Survivor reaction after massage

Predictably, I felt vulnerable and emotional most of the week, after even a simple, tiny amount of compassionate work on my strangulation-surviving neck. It felt like pms. I cried easily and felt fragile, distracted and touchy.

Makes me wonder if I really want to get into this right now… Although I know there’s no time like the present for dealing with abuse crap – putting it off isn’t a good idea. We’ll see how I am after this weekends session. I think I’ll probably have her work on my leg first and get to know her better, after that, we’ll see about the neck, even though my inner kid really wants that area of me to be healed.


I had an interesting experience having a massage today. I had a sore hip due to what my chiropractor says is a tight ‘IT band’. The massage therapist was doing various things to loosen this and I was asking her what might have caused it to get so tight.

Between the two of us we figured it is probably due to my sleeping position, which not coincidentally, is as different as possible from the one I was raped in. She asked if I was uncomfortable sleeping on my back and rather than lying I said calmly. “Yes, but not physically. Trauma. Emotional. But it’s a lot better now.” Typical stock survivor response, acknowledge the facts as calmly as possible, combined with reassuring the listener I’m not going to fall apart on them. However, I meant it. I *am* fine. She said that was good, and continued on.

Now some massage therapists get uncomfortable when you say things like this, but this one didn’t. A woman would know exactly what traumatic event would happen when a woman is on her back. There was not much more to be said.

Earlier in the session she’d been working on the back of my neck and I said, “oh, one thing I forgot. If you work on the front of my neck, please let me know first please.” She’d also accepted this well.

When it came time for her to work on the front of my neck she warned me and was gentle, asking what types of touch to avoid. She got it.

I asked her how my neck was. I’m curious. I have no idea how being strangled has affected my neck. She said something like it was very siezed up and tense. I said, well it makes sense, the soul and body are connected, and she agreed.

At the end of the session we agreed that my IT band and leg needed more work and so did my neck. I said, if we work on the neck it will need a session just for that, and I’ll probably cry. I’ll need to have my car nearby so I can go to it to calm down afterward. I told her I look after myself just fine, but that there is likely to be emotion connected to the tension. She was great. She told me that it happens all the time, that people often have feelings come up during or after sessions and she considers it an honour to help people clear. Her energy felt grounded and sincere.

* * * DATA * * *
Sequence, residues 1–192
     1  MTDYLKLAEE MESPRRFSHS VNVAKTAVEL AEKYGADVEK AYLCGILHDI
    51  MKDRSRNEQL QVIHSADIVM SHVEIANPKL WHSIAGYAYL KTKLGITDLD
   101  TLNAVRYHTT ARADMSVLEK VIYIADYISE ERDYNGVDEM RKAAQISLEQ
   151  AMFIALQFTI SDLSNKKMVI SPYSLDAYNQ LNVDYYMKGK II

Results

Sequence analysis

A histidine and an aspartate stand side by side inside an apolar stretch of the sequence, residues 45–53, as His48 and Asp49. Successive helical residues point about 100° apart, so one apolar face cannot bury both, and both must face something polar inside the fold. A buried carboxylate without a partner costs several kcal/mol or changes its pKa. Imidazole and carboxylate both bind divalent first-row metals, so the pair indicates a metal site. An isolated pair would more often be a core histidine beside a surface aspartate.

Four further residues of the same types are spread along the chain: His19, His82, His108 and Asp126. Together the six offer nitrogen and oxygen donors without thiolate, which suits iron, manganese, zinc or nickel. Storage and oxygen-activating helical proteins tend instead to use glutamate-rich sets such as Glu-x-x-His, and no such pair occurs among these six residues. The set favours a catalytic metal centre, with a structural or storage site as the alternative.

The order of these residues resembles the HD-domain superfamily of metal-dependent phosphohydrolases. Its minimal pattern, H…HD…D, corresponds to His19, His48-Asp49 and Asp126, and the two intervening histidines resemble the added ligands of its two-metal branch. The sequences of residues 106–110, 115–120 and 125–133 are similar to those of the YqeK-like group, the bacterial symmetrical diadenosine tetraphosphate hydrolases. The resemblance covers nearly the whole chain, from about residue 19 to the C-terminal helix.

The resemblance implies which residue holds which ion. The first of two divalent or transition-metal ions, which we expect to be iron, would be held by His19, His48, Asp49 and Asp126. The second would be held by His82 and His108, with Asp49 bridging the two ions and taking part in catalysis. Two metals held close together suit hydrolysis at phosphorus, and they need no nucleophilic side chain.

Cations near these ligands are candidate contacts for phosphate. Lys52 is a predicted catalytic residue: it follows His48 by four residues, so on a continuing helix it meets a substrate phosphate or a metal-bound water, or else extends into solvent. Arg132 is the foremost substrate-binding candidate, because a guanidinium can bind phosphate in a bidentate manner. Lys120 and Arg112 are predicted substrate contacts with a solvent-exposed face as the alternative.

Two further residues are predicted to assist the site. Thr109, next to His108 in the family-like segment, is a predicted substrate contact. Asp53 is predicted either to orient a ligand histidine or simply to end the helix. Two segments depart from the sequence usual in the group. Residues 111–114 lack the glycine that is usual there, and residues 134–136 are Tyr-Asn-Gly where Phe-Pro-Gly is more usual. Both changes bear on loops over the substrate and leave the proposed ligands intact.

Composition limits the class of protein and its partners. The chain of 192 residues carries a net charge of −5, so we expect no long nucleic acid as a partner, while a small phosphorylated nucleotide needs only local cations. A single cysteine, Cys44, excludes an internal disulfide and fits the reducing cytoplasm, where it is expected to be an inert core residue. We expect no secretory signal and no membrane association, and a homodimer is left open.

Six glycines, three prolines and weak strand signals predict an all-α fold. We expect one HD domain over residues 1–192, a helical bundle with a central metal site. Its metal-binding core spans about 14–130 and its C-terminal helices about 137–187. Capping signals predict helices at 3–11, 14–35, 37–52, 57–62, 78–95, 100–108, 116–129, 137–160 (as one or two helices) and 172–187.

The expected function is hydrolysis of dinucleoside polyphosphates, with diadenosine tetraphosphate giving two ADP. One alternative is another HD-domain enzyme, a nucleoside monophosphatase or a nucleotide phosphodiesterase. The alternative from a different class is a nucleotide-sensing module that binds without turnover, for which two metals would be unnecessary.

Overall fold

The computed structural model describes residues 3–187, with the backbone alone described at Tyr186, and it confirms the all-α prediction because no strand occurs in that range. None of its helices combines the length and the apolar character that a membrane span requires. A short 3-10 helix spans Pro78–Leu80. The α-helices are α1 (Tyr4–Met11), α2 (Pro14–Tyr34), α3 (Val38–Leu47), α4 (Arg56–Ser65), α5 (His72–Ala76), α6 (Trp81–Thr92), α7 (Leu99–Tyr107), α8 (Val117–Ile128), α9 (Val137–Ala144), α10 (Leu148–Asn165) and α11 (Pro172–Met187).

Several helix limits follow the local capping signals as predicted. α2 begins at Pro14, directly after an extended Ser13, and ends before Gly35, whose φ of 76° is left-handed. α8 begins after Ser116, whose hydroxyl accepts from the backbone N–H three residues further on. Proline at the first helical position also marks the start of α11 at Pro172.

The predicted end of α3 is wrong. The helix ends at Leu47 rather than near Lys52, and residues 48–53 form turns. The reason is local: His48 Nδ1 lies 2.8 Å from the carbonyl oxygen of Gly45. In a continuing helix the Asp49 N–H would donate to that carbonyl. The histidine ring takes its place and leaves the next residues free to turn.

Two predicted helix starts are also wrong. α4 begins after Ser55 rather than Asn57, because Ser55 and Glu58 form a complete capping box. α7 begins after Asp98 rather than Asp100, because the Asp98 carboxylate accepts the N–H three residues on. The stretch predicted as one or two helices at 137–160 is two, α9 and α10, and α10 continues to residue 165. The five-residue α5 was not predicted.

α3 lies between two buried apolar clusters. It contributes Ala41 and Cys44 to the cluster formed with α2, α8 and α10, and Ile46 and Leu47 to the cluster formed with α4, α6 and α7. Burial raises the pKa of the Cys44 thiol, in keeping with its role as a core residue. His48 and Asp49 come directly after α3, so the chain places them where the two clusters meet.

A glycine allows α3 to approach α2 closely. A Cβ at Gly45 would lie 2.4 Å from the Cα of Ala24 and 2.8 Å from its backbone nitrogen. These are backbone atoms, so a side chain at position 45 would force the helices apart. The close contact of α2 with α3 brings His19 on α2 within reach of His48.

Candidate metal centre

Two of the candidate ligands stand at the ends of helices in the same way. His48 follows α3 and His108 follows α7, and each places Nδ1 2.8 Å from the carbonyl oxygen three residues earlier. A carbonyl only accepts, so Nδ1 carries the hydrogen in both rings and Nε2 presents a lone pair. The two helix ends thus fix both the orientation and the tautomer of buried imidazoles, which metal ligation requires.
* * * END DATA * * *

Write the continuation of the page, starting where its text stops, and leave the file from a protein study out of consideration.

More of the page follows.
On the way home in the car I sang my scar song about the abuse to clear some of the built up emotion from having my neck worked on. I had an inner child reaction which led to me going to bed curled up in a quilt for a few hours, after which I felt more clear.

I have booked a session for next weekend. I’m not sure if we’ll work on the neck or the leg.  I’m proud of how matter of fact I was, and how well the interaction went. Unexpected. I’m used to being more guarded with health care folks, so they don’t treat me funny.

I’m looking forward to having body work done in a context that allows me to release the feeling. Not looking forward to cleaning up the reaction afterward, but hopefully if I can release fairly fully it’ll be more relief than triggering. One can hope.

The picture I chose to go with this post is of baby birds, who were rescued after their nest was blown out of a tree by the photographer. At first I rejected the picture, as it is not the strength and confidence I felt today. However, the vulnerability of the birds and their long necks resonates with the vulnerability I feel in my own neck and this situation. There are some very intense, fragile and wounded sensations locked away in my neck tissue and this picture owns that. Telling the truth, being as vulnerable and strong as I actually am is a far stronger and more courageous place to be in. [the photographer took down the photo I had linked to.]